SDE (SQL Server) Connection Latency

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05-23-2019 08:29 AM
BrianCollins
Occasional Contributor

Looking for input and/or testing ideas. We have enterprise geodatabases (SQL Server 2016) running on VMs in our data center. They vary in complexity from simple default with only a few feature classes/assets to heavily versioned with numerous feature classes/assets.

When I open the properties window for an SDE connection file on my desktop there is a noticeable lag. The time is acceptable for the simpler databases but for the complex ones it takes many minutes (5, 10, or more) and sometimes I just give up. When I open the same properties window on a VM also running in the data center for the same SDE connection using the same credentials the response is very fast. Even the complex databases open in 30-40 seconds. Same version of desktop. Same license level. Everything should be apples to apples.

One of the only factors I can attribute a difference to is network bandwidth. So how do I test this issue? Is there some tool (wireshark, fiddler, etc...) so I can see what's going on under the hood? Could network gear be throttling the communication to our remote offices? We're on high-speed connections.

Final mention...this issue can be replicated with multiple machines and users in various office locations.

Tags (2)
9 Replies
MichaelVolz
Esteemed Contributor

Are you working in ArcMap 10.x or Pro 2.x?

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BrianCollins
Occasional Contributor

ArcGIS 10.6.1. I'll try ArcGIS Pro 2.2.x now for comparison.

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MichaelVolz
Esteemed Contributor

Do you have the ability to upgrade Pro to a newer version?  Does the computer you are using exceed the requirements to run Pro, especially with respect to a dedicated video card?  If not, I'm thinking you will be even more disappointed with Pro's performance than ArcMap's, but it's definitely worth testing just to see for yourself.

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ChristianWells
Esri Regular Contributor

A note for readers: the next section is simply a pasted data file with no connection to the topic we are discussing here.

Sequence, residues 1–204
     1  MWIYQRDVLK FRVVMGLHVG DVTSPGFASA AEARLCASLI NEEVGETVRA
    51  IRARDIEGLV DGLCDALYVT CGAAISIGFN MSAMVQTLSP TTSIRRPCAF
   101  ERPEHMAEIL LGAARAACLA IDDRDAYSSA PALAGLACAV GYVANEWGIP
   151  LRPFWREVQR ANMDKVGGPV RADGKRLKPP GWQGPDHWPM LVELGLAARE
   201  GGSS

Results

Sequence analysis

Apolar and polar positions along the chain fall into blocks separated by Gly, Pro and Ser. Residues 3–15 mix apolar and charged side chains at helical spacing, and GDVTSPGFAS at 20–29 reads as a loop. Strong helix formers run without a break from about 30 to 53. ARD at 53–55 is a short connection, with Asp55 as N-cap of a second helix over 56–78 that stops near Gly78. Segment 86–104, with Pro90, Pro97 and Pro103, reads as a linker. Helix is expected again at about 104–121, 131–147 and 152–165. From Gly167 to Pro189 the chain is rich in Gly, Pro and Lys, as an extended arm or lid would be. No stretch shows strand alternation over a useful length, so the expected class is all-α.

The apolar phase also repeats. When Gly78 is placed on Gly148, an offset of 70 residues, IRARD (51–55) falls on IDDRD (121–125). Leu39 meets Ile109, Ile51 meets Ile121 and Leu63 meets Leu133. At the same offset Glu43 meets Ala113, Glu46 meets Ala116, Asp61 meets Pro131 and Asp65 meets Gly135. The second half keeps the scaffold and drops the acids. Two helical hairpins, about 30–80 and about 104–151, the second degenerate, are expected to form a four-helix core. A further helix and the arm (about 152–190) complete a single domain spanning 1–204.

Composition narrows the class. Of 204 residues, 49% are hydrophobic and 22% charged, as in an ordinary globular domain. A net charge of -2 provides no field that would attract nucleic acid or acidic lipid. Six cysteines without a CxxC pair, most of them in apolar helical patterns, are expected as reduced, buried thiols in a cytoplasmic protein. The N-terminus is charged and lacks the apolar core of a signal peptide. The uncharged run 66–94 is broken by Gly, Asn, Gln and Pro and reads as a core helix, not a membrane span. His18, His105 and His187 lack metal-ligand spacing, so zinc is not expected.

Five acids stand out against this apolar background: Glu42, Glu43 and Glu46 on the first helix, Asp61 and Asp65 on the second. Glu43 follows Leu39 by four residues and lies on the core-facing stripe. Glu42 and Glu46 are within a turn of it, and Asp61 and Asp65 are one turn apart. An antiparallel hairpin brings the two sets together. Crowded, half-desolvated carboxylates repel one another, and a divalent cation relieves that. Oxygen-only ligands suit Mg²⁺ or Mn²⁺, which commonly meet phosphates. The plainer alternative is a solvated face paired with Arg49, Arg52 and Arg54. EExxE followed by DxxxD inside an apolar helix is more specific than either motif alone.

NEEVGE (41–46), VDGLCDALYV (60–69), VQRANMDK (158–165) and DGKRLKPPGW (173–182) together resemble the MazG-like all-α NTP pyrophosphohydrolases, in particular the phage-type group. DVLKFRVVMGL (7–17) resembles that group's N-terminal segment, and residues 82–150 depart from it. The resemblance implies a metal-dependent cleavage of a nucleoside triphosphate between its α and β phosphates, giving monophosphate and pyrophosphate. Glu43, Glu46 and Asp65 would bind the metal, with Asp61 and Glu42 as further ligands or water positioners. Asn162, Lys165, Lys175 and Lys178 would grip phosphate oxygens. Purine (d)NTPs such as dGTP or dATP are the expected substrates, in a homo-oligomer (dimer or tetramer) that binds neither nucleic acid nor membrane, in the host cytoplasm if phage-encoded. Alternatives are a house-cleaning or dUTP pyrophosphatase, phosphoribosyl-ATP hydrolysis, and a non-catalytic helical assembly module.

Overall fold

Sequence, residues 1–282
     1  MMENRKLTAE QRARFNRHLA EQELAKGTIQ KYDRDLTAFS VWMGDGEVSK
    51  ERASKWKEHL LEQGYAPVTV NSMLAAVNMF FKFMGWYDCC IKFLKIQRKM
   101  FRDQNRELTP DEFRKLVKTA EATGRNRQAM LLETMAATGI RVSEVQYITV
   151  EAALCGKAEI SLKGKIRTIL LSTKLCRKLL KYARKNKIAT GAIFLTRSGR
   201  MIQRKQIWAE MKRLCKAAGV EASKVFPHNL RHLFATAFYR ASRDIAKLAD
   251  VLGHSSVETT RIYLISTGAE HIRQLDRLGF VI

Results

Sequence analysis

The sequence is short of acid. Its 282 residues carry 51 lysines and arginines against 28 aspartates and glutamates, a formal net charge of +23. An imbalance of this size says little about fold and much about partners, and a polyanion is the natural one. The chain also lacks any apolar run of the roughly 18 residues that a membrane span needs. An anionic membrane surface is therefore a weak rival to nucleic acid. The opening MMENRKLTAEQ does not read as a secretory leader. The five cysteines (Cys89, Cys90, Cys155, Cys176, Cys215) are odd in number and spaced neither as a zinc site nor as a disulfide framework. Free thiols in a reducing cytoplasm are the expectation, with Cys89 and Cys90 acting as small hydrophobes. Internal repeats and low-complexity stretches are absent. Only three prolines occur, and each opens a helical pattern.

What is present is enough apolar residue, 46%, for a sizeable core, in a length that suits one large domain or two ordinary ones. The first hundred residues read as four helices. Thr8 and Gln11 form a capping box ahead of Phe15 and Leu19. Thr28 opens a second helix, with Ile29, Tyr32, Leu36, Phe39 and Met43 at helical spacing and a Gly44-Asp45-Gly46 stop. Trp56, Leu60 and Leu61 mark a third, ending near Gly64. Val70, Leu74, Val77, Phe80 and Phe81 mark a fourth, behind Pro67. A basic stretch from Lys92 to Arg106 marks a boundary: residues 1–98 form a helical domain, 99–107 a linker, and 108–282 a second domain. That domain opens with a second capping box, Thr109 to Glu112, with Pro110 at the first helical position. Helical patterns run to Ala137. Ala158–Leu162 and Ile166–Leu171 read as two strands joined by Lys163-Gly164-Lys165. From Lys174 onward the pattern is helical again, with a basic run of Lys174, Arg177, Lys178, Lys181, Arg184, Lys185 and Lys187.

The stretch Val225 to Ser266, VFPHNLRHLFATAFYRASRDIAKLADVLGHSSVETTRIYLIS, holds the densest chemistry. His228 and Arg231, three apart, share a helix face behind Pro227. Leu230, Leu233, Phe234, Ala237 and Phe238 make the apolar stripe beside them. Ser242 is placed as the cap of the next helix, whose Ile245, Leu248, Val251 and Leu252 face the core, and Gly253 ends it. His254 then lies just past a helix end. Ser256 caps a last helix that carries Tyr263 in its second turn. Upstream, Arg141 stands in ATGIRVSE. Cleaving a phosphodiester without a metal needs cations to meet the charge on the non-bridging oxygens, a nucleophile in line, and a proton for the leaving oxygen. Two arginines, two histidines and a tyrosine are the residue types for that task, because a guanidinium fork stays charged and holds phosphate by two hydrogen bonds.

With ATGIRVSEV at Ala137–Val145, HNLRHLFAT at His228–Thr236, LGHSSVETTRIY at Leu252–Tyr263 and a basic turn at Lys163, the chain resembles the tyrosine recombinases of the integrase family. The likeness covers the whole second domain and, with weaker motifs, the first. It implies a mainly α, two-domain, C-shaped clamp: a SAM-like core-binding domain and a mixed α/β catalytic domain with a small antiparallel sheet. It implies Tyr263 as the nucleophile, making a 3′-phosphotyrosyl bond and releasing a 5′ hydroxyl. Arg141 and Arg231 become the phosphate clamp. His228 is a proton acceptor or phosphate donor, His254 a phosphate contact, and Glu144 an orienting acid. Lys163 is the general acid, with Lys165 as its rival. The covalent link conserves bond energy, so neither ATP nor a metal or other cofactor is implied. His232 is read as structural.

From your description, it sounds like the client to server distance may be the primary factor. How far is the data center relative to your client machines?

A set of tools to get you started would be an SDEIntercept (client-side) and SQL Server Trace (server-side).

SDEIntercept

https://support.esri.com/en/technical-article/000014807

SQL Server Extended Events

https://docs.microsoft.com/en-us/sql/relational-databases/extended-events/quick-start-extended-event...

Here is a good resource to get started understanding performance within the context of the SDEIntercept:

https://support.esri.com/en/technical-article/000010355

BrianCollins
Occasional Contributor

In terms of physical distance from the data to my client...90 miles :-). In terms of trace route hops there are five hops to reach the database host.

I've run SDEIntercept on both my local client and a VM inside the datacenter (1 hop to database host). For our most problematic/latent database connection, the start-to-finish time for the log file was just over 28 minutes. The same operation on the VM resulted in a start-to-finish time of 48 seconds. This is a HUGE discrepancy and my gut tells me that one of the devices I'm hopping through for the data to reach my client is significantly slowing down this process.

Incidentally I'm seeing similar results with ArcGIS Pro, so that doesn't solve the problem. I've also removed the native SQL Client and installed the latest SQL ODBC driver but no dice there either!

ChristianWells
Esri Regular Contributor

I was still thinking about this problem and I found that 'tracert' may be a good starting point to see where the greatest lag is. It's a built-in Windows tool, so you should be able to run it from wherever ArcGIS Pro or ArcMap are installed.

https://support.microsoft.com/en-us/help/314868/how-to-use-tracert-to-troubleshoot-tcp-ip-problems-i...

MichaelTorbett
Occasional Contributor II

@BrianCollins did you ever figure out the cause of your connection latency? I'm having almost the exact same issue you had.

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MarceloMarques
Esri Regular Contributor

FAQ: Why is the connection slow to a SQL Server geodatabase? | Esri Australia Technical Blog (wordpr...

if you are having issues then please open a ticket with Esri Tech Support to investigate your problem further.

Caveat, database servers and client machines need to be on the same LAN - local area network for better performance, if you are trying to connect to a database server via VPN or even through a dedicated network link the database connection will be slow, the traffic needs to cross different firewalls and the network bandwidth is low and latency is high because of distance, on LANs the bandwidth is high and latency is low, therefore the database connection will be faster.

| Marcelo Marques | Principal Product Engineer | Esri |
| Cloud & Database Administrator | OCP - Oracle Certified Professional |
I work with Enterprise Geodatabases since 1997.
“ I do not fear computers. I fear the lack of them." Isaac Isimov
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MichaelTorbett
Occasional Contributor II

Thank you @MarceloMarques .   My EGDB is in Microsoft Azure but ArcGIS Pro is on my local machine. It looks like I'll need to create a VM in Azure and install Pro there.